under mechanical ventilation for the duration of the avoid compression. The legs are separated with pillows,
procedure. One very important aspect that needs to be with the lower leg flexed at the hip and the knee and the
considered is pain management, requiring systemic and upper leg lying straight on the pillows (3). A roll may be
often epidural analgesia (2). placed under the dependent axilla to release the pressure

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Journal of Thoracic Disease, Vol 7, Suppl 1 February 2015 S51

approach for most procedures because it provides the


best exposure of the thoracic cavity, and though not many
surgeons prefer it, it’s still used to treat spontaneous
pneumothorax (4). It is performed with the patient in lateral
decubitus position as described above (Figure 2).
The skin incision, shaped as wide “S”, is performed
approximately 1 cm below the tip of the scapula, after
proper sterilization of the area. It extends from the vertical
midline between the medial edge of the scapula and the
thoracic spine posteriorly and the anterior axillary line.
After the skin incision, subcutaneous tissue and the
Figure 1 Positioning. latissimus dorsi muscle are divided using electrocautery.
Immediately below latissimus dorsi is the serratus anterior
muscle, which can be divided using electrocautery, or
depending on the anatomy, might only be divided from its soft
tissues and thus preserved and retracted anteriorly (muscle-
sparing thoracotomy), providing less post-operative pain.
The entrance to the thoracic cavity is usually accomplished
through the fifth intercostal space, because it allows adequate
exposure of all the lung, but the fourth or the sixth intercostal
spaces might also be used if better exposure of the apical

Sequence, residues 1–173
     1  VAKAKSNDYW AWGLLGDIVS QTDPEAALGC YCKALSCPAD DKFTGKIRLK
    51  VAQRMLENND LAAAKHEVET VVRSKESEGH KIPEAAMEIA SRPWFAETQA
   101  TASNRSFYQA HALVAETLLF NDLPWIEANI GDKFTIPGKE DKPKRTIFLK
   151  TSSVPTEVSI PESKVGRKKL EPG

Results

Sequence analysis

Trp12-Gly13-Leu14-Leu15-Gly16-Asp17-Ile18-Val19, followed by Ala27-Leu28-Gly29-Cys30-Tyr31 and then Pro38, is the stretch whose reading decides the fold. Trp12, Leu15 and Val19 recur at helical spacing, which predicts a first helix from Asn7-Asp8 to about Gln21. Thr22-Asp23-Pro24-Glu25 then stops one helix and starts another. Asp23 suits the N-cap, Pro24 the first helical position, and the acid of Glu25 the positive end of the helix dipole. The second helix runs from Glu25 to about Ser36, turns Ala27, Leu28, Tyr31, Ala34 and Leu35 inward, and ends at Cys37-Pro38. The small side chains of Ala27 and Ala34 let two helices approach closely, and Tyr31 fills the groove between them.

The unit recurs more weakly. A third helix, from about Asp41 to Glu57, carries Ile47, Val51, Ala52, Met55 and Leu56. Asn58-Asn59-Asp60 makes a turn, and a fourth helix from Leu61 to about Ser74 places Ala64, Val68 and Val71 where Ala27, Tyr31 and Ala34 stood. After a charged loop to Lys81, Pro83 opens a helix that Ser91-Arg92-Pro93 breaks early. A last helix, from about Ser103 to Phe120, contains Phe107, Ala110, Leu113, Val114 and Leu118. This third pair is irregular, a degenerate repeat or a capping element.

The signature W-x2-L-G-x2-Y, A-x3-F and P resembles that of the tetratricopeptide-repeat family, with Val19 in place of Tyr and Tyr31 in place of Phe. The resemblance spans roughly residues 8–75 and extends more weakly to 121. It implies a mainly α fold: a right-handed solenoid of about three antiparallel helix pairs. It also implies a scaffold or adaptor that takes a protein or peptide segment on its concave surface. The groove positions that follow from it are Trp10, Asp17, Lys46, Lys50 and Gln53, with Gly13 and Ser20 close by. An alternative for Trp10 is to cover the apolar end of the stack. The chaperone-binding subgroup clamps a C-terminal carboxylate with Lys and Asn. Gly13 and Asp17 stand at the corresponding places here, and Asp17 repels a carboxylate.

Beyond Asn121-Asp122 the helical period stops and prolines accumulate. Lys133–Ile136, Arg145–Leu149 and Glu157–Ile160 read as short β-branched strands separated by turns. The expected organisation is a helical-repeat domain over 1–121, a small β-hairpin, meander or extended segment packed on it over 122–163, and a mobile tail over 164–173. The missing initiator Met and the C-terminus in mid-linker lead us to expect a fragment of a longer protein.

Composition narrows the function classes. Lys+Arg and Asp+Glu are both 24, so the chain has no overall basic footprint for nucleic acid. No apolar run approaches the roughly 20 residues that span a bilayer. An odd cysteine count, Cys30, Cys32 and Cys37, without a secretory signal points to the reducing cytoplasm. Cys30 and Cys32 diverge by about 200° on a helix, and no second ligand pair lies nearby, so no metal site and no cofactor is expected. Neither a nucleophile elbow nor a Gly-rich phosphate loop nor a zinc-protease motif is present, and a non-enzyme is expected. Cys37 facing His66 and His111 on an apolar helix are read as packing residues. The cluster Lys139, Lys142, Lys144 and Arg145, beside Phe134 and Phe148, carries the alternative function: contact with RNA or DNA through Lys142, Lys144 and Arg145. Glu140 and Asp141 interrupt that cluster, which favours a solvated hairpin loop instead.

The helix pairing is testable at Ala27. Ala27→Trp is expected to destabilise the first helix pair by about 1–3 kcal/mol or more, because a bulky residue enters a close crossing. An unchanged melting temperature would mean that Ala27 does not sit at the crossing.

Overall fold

or the lower segments of the lung is required. The desired
interspace is located after retraction of the scapula and
counting the ribs beneath by palpation. Intercostal muscles
Figure 2 Scin incision.
are divided on the surface of the inferior rib, in order to avoid
damage of the intercostal neurovascular bandle.
from the branchial plexus. In order to keep the cervical in a
neutral position, head must be supported with a pad (Figure 1).
After securing the patient, the operating table is flexed Limited lateral thoracotomy
at the middle. This helps to widen the intercostal spaces,
This is accomplished with a small incision 4-8 cm in the
providing easier entrance to the pleural cavity.
auscultatory triangle area. Both latissimus dorsi and serratus
anterior muscles may be preserved, resulting in less post-
Prophylaxis operative pain and better function of the ipsilateral shoulder
and arm. Entrance to the pleural cavity is gained the same
As in most surgical procedures, administration of
way as in posterolateral thoracotomy, through division of
prophylactic perioperative antibiotics is indicated, prior to
the intercostal muscles at their inferior margin. It facilitates
the skin incision, in order to minimize the risk of wound
small segmentectomies of the lung (e.g., blebectomy) and
infection. Repeated doses might be required during the
due to the better post-operative cosmetic result and less post-
operation to maintain adequate levels of the drug.
operative is commonly used by many thoracic surgeons.
Perioperative use of low-molecular-weight heparin is
recommended for prophylaxis from deep venous thrombosis
during the procedure. Additional prophylaxis, e.g., elastic Axillary thoracotomy
socks might be required.
Performed with the patient in the lateral decubitus position
with the arm abducted at 90° degrees in order to provide
Incisions access to the axilla, this approach provides excellent exposure